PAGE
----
3D-P works with a diverse, wide variety of clients – large to small, quarries to mines to airports, located all over the world – and during my tenure it has been very interesting to note both the differences, and commonalities between the clients and the diverse solutions we employ.
For example, no matter the industry, we can always apply the 3D-P pillars of successful network design:
- Understand the environment – geographically, culturally, and technologically
- Design for the application – now, and for the future
- Bring the best solution forward – best for the customer, not for us
Those are the common pillars we can use to build a stable, high-performing network for any customer, regardless of their size, industry, or application. The conversation then becomes one that can be different for every customer:
How can they best, most cost-effectively support that network?
Whether you are identifying and fixing coverage issues, or trying to measure the performance of your wireless network the current set of tools available to you can be expensive, lacking in functionality, or extremely time consuming. 3D-P’s Managed Services offering of Network Performance Analysis Toolkit (NPAT) as a service aims to help you understand your wireless network performance by providing you and your team with a powerful map based visualization of key network performance indicators without needing to buy additional software.
Cost, onsite support and inability to justify short-term ROI have all contributed to the incapability of many smaller operators to invest in the deployment of near real-time applications on-board their mobile equipment.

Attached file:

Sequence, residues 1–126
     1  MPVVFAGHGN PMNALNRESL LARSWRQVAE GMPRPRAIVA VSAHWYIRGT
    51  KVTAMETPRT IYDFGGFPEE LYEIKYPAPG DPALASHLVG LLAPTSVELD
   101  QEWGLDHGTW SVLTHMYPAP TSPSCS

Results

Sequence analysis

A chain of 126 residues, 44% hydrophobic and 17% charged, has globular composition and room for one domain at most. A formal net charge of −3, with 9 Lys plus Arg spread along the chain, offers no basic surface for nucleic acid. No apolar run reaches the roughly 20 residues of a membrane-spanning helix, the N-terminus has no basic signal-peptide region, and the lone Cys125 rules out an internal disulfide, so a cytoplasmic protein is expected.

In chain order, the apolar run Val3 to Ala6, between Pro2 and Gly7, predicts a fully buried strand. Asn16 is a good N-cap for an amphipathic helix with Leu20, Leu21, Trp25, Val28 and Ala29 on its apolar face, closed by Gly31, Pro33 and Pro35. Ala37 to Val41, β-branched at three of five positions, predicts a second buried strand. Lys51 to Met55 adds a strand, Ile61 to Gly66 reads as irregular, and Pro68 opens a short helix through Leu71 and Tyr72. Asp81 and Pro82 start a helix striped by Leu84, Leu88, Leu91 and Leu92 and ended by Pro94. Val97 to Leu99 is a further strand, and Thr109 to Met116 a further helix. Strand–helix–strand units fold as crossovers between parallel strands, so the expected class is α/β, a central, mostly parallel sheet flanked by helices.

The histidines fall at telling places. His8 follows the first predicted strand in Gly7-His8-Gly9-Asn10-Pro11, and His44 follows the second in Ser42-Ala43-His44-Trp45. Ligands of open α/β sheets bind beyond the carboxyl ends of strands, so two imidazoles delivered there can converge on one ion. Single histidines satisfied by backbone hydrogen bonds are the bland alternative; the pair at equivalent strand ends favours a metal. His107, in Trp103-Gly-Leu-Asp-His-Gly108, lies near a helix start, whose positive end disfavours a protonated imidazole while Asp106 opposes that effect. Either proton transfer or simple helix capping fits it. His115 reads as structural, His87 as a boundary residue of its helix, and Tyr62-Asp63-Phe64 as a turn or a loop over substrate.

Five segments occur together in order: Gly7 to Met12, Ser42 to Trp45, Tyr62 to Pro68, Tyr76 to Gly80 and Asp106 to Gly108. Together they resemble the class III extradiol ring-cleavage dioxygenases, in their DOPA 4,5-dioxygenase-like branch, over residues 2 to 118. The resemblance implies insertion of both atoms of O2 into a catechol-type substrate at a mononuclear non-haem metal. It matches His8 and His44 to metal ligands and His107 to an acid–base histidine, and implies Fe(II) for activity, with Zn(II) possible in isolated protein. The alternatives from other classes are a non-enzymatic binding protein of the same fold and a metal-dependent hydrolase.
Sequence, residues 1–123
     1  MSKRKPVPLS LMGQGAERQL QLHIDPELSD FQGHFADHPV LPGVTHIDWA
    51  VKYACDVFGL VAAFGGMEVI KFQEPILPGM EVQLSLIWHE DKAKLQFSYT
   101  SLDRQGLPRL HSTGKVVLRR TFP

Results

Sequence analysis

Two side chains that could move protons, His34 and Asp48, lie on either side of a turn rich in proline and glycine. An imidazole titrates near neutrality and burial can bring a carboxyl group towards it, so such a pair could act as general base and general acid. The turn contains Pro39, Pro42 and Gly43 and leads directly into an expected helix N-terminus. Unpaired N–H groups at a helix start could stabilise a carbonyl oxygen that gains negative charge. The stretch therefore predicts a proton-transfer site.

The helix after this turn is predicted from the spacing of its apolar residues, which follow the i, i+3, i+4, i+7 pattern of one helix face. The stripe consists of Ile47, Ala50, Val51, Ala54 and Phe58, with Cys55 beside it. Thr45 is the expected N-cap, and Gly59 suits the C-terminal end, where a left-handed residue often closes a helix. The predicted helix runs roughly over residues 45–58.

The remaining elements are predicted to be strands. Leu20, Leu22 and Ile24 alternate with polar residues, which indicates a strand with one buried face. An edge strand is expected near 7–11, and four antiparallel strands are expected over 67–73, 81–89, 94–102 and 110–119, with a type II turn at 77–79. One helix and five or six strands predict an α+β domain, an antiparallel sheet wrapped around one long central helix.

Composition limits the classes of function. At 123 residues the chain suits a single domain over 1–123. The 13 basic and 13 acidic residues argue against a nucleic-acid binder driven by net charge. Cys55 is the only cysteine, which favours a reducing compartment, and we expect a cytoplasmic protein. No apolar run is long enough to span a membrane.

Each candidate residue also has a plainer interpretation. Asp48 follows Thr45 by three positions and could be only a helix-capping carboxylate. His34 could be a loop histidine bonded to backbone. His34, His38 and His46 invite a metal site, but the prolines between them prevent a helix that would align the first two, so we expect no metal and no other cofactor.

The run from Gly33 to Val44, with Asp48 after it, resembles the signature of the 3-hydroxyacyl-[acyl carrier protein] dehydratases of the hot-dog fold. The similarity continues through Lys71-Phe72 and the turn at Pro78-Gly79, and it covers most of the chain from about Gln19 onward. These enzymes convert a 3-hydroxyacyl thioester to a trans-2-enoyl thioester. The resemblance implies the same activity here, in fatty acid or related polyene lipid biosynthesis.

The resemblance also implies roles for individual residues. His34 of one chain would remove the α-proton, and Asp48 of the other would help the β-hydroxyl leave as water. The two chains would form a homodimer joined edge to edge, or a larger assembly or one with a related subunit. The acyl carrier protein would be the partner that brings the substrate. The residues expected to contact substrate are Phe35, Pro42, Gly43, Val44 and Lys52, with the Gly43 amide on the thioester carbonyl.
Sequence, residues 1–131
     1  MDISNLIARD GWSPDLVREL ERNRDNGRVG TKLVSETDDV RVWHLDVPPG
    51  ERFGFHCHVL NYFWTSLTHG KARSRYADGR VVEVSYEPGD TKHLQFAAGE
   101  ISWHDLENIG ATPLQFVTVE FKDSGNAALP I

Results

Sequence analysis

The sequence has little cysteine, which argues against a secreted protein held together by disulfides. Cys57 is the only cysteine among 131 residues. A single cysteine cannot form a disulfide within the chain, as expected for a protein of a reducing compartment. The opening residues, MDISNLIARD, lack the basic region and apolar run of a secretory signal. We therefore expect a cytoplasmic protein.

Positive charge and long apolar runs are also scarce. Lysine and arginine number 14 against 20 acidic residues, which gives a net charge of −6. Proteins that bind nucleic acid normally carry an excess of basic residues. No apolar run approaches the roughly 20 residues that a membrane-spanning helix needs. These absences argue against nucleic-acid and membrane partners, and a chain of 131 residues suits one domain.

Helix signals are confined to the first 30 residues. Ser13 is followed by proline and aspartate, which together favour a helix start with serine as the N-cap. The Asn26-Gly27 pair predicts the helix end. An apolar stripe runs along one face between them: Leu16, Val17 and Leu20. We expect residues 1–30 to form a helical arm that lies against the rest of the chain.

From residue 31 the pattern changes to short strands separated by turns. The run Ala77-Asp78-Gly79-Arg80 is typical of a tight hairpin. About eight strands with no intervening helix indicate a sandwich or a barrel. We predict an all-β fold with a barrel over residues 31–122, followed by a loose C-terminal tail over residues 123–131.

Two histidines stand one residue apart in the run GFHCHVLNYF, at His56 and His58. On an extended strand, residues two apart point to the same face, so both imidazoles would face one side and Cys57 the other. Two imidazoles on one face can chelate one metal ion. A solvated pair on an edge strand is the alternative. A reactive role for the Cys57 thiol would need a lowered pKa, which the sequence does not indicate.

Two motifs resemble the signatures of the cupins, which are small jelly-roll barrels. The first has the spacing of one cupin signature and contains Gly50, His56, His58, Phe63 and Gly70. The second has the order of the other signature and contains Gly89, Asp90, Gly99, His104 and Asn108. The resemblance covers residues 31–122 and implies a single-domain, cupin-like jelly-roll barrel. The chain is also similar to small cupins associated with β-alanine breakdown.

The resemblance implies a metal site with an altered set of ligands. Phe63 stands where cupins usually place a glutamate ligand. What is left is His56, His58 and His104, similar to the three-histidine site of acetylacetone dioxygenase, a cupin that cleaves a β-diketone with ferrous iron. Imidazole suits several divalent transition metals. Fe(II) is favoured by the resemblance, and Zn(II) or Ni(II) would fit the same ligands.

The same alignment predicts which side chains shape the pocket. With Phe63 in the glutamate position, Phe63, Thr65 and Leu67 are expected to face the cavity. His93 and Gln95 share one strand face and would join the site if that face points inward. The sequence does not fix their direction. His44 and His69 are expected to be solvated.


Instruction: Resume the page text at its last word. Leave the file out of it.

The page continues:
Add the cost of the application- whether be dispatch, asset health, etc. – to the cost of deploying and maintaining a full scale wireless network, and many are unable to justify the ROI on their project, and remain stuck in the manual collection of their data.
We will examine the traditional limitations faced by smaller operators in this quest towards the Digital Mine, before discussing over the next few weeks how each of those limitations can be tackled, quickly and cost-effectively.
In its 2017 report titled ‘Digital in Mining: Progress … and Opportunity’, Accenture reported that “56% [of mines were] considering merging their IT and OT groups within the next 12 months’. While significant progress has been achieved, the two groups are still learning to work together at most sites to address common issues around wireless network reliability, mobile data access and cybersecurity among others.
The distinct functions each group is accountable for has a lot to do with this difficult merge. It’s however critical to review the silver lining in converging IT and OT when it comes to the digital mine – enhanced productivity through real time data access provided by a reliable wireless network and reduced technology Capex.
With an increasing number of mines in the process of digital transformation, reliability of your wireless network is becoming paramount. Real time or near real-time data access to fleet data is now a requirement for mines of all sizes, and failure of those wireless networks isn’t only critical for autonomous sites.
We will discuss here five examples of how network downtime, even in a non-autonomous environment, can affect your productivity by impacting a variety of business units within your mine.
Over the years, I’ve had several customers who were looking for network enhancements explain to me the value of the data they pull from their fleet equipment. While in most cases, hardware failure of a radio or computer on-board a truck or a shovel doesn’t prevent that equipment from moving ore, it certainly brings to a rapid halt the collection of the critical data associated with that activity.
Missing those loads in the productivity counts for the shift isn’t an option. In my customers’ view, that application data was just as critical as the physical material moved.
We all have been through this, looking for direction. No matter if it’s driving the family to a new vacation destination or utilizing technology in mine operations to improve efficiency and safety. It’s all the same, we are looking for direction.